Shortly thereafter, the Kirschner plaintiffs and Insurance Underwriters filed this action for damages against Natomas and numerous other defendants.   The complaint alleged in several causes of action that the 1980 registration statement and prospectus offering Natomas preferred shares omitted to state and/or misrepresented material facts with respect to the preferred shareholders' voting rights and conversion privileges.

Among the specific allegations of the complaint were the failure to disclose (1) “that the voting rights accorded to Preferred Shareholders under California Corporations Code § 1201(a) could be abrogated unilaterally by the Natomas Board of Directors if the Directors chose to combine Natomas with any other company by means of a ‘reverse triangular merger’ ”;  and (2) that “the Natomas Board of Directors could unilaterally cause the delisting of all of the outstanding shares of Natomas Common Stock from the public exchanges ․,” thereby destroying “the economic value of the conversion right held by purchasers of Natomas Preferred Shares․”

Among those named as defendants were Natomas, the members of its board of directors, the holding company New Diamond (subsequently renamed Diamond Shamrock), and various underwriters.   All defendants demurred on several grounds, among them that the complaint did not constitute a cause of action because the alleged omissions were not material, and that certain of the causes of action were barred by the statutes of limitations.   In March 1984, the trial court sustained the demurrers, with leave to amend, on the ground that the complaint failed to state facts sufficient to constitute any cause of action.   In its order, the court explained its ruling:  “The assertedly misleading omissions referred to in paragraph 40 [of the complaint] which are central to each of plaintiffs' causes of action, are no more than inaccurate characterizations by the plaintiffs of the law ․  Alternatively, any possible omission in this regard related to a matter that was then highly speculative and therefore cannot, under the circumstances, be deemed material․”  After plaintiffs declined to amend, the action was dismissed, and this appeal followed.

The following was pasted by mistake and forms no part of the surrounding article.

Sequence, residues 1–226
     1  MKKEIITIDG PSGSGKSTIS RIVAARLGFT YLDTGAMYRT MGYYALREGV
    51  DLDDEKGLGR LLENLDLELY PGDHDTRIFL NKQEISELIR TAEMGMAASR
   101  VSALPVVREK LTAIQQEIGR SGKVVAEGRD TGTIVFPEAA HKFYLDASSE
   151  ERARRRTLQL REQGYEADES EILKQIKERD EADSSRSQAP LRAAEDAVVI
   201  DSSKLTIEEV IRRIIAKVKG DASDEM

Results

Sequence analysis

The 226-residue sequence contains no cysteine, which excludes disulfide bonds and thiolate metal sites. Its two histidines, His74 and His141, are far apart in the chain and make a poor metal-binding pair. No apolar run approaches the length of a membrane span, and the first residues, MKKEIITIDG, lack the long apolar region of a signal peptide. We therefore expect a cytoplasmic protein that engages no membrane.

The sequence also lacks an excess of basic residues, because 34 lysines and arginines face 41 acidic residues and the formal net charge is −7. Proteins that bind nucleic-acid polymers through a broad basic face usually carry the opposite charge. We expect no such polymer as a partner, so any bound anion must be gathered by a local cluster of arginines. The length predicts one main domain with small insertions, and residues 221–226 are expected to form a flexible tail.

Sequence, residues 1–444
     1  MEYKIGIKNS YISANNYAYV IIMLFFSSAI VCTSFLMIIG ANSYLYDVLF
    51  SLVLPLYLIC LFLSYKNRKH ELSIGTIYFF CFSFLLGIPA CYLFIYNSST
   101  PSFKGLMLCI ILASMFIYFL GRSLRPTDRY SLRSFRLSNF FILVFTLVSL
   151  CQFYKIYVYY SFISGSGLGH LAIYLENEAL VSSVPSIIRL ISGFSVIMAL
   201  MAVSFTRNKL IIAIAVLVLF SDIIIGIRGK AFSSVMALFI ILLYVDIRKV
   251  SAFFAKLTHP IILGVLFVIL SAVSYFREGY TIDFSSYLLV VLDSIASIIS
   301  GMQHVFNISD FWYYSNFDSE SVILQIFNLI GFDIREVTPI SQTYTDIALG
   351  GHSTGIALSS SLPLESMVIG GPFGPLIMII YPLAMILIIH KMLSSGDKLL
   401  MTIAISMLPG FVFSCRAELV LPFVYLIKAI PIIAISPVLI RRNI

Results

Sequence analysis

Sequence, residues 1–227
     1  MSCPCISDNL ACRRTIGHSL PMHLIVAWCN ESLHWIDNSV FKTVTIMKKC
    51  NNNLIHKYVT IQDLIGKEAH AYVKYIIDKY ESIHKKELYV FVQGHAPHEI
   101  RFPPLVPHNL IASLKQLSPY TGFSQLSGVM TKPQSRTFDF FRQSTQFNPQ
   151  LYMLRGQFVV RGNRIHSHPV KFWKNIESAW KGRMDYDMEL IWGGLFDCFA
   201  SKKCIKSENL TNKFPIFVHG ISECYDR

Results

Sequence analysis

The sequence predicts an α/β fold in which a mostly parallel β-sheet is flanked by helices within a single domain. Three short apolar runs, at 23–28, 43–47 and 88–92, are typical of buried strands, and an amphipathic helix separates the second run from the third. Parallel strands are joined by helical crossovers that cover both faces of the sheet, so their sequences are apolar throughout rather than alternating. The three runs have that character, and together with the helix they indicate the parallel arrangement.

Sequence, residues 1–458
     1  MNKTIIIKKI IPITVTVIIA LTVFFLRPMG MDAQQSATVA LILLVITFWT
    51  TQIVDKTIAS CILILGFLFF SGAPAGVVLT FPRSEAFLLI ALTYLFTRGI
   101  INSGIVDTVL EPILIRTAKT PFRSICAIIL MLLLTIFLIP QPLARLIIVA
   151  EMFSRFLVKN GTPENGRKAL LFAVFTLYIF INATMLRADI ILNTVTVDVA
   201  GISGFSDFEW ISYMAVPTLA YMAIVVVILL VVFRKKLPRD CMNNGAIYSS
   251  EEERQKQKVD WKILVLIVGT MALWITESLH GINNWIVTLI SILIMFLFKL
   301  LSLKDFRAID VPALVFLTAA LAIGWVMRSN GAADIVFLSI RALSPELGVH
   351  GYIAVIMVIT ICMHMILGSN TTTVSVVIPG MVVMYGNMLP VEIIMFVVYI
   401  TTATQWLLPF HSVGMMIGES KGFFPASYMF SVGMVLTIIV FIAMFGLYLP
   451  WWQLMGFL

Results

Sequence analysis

Plaintiffs contend that their complaint alleges actionable misrepresentations and omissions, and that the trial court improperly resolved factual issues when it concluded that the complaint failed to state any cause of action.

 For purposes of this appeal, this court must treat as true all material facts properly pled in the complaint.  (Strang v. Cabrol (1984) 37 Cal.3d 720, 722, 209 Cal.Rptr. 347, 691 P.2d 1013.)   However, the complaint may be read as if it included matters which may be judicially noticed.  (El Rancho Unified School Dist. v. National Education Assn. (1983) 33 Cal.3d 946, 950, fn. 6, 192 Cal.Rptr. 123, 663 P.2d 893;  Childs v. State of California (1983) 144 Cal.App.3d 155, 162, 192 Cal.Rptr. 526.)   Furthermore, a demurrer does not admit as true contentions or conclusions of law alleged in the complaint.  (Pan Pacific Properties, Inc. v. County of Santa Cruz (1978) 81 Cal.App.3d 244, 251, 146 Cal.Rptr. 428;  Shuffer v. Board of Trustees (1977) 67 Cal.App.3d 208, 218, 136 Cal.Rptr. 527.)

As plaintiffs recognize, all their causes of action require allegations of misrepresentations or omissions which are misleading and material.   In three causes of action they allege violations of the federal Securities Act of 1933 (15 U.S.C. § 77a et seq.).   Their first cause of action is based on section 11 of that act (15 U.S.C. § 77k) which imposes liability on various persons when a registration statement contains an “untrue statement of a material fact” or has “omitted to state a material fact required to be stated therein or necessary to make the statements therein not misleading․”  Plaintiffs' third cause of action is based on section 12(2) ( 15 U.S.C. § 77l, subd. (2)) which imposes liability when shares have been sold by means of a prospectus which included an “untrue statement of a material fact” or which omitted “to state a material fact necessary in order to make the statements, in the light of the circumstances under which they were made, not misleading․”  Plaintiffs' second cause of action is based on section 15 (15 U.S.C. § 77o) which imposes liability on persons who control persons liable under sections 77k or 77l.